Opponents of embryonic stem cell research have latched onto a new scare tactic: tumors!
An Oct. 25 NewsMax article largely regurgitating Rush Limbaugh's take on a political ad featuring parkinson's disease victim Michael J. Fox's support for embryonic stem cell research threw out the tumor claim:
In an Oct. 23 story in Canada's Globe and Mail, researchers at the University of Rochester were said to have encountered what the newspaper called the "two extremes that have met in one dazzling, yet devastating experiment.
"Researchers there have for the first time essentially cured rats of a Parkinson's-like disease using human embryonic stem cells. But 10 weeks into the trial, they discovered brain tumors had begun to grow in every animal treated.
"Here we have this method that works so well to reverse the symptoms of Parkinson's," said lead investigator Steven Goldman, "But no matter how you look at it, it's an expanding mass and that's bad news."
Experts say that this has been the result in all cases when embryonic stem cells were used on lab animals. They develop tumors, some cancerous.
That's a somewhat selective quoting of the Globe and Mail article, and it suggests that because one experiment failed, all research should cease. In fact, the article states that "scientists have always known that any stem cell therapy could result in an uncontrolled growth of cells that could give rise to cancer" -- a far cry from NewsMax's claim that anonymous "experts say" that tumors results in "all cases" -- and noted "the possibility that the years-old and scant stem lines available to government researchers in the United States may also have had tumourigenic properties from the start that skewed the experiment." The article also notes that scientists are now "redoing the experiment" to attempt another method of retarding uncontrolled cell growth.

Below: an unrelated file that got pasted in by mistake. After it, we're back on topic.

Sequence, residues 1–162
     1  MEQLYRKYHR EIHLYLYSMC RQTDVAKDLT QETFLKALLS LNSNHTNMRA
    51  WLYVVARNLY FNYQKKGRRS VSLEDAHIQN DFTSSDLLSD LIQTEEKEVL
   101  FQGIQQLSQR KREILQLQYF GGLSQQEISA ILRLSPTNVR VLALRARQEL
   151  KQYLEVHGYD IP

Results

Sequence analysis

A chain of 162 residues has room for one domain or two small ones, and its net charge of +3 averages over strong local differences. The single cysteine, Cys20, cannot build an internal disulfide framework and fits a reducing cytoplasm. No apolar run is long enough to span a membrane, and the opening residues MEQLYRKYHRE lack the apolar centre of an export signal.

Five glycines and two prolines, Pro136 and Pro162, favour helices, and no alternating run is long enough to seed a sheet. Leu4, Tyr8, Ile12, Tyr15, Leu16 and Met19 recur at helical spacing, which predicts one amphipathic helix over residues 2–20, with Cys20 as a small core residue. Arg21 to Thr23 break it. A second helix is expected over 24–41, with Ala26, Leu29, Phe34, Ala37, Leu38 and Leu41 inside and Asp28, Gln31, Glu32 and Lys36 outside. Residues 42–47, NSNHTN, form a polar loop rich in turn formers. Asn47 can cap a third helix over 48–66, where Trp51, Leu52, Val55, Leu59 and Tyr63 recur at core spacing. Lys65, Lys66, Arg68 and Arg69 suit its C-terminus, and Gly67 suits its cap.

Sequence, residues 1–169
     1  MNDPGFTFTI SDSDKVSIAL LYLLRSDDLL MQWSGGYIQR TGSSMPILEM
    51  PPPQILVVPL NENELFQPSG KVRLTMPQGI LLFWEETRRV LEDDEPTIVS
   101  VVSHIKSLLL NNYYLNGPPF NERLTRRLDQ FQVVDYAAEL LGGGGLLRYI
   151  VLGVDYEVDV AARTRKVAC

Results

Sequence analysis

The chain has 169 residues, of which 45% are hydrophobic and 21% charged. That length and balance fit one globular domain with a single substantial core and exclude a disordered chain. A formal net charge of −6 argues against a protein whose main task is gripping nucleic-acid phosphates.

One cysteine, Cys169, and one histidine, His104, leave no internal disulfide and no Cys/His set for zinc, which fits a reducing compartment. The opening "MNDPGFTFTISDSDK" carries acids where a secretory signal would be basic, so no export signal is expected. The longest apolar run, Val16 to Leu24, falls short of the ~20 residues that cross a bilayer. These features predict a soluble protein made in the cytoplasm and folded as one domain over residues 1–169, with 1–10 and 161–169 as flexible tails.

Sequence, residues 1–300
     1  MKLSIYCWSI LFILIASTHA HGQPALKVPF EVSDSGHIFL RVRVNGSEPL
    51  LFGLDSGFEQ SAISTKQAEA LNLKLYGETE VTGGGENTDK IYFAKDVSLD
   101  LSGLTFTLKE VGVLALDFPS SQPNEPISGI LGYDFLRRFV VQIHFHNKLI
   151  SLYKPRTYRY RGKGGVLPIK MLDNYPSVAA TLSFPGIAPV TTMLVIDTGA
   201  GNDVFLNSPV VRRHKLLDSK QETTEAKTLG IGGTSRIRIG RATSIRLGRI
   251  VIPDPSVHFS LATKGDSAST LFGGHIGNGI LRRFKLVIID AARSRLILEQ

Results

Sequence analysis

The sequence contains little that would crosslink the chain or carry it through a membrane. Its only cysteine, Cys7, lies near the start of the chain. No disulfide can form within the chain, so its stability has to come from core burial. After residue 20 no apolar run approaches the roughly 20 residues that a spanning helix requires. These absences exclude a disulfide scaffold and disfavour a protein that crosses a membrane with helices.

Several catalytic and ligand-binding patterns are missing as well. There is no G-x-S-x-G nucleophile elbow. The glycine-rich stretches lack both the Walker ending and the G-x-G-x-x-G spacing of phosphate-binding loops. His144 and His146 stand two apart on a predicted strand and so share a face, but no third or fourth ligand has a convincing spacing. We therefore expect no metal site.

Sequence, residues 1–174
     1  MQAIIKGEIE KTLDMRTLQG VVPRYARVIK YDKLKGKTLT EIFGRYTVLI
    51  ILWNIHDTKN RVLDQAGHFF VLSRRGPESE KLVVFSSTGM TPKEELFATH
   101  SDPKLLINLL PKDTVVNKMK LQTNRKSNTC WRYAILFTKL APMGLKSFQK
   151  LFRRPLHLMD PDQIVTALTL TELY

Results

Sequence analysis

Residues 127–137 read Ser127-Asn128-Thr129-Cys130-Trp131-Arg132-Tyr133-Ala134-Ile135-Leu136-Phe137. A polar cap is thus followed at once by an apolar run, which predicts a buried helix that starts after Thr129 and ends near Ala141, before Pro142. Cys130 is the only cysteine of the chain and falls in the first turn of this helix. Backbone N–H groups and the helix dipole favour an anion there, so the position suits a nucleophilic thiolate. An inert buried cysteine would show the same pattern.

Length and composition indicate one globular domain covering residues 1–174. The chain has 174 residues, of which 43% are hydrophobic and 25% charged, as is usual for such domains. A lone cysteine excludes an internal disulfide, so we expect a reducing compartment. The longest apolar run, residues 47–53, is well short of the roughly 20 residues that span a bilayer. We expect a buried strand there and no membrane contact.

Michael Reagan, in an Oct. 27 NewsMax column, made a similar claim, adding, "Thus far, that is the sole fruit of ESC research – fatal brain tumors."
A Sept. 26 NewsMax column by Michael Arnold Gluek and Robert J. Cihak -- both members of the conservative Association of American Physicians and Surgeons, as we've noted -- threw out another misleading claim: that "human embryonic stem cells have not cured a single human medical condition. That's as in none, nada, zero; not experimentally, or in controlled clinical trials, or in general medical use." But Gluek and Cihak don't say that this is because embryonic stem cells were not isolated until November 1998 and, thus, relatively little research has been done, while adult stem cell research has had many years of a head start on research. As the International Society for Stem Cell Research states, "Because human embryonic stem cells were isolated relatively recently, and therefore we know less about them, it is currently more difficult to work with human systems than mouse."
The Gluek-Cihak coolumn also calls supporters of embryonic stem cell research "bigots" because they are "loudly intolerant of other beliefs and add injury to insult by extracting our tax money to support their activities."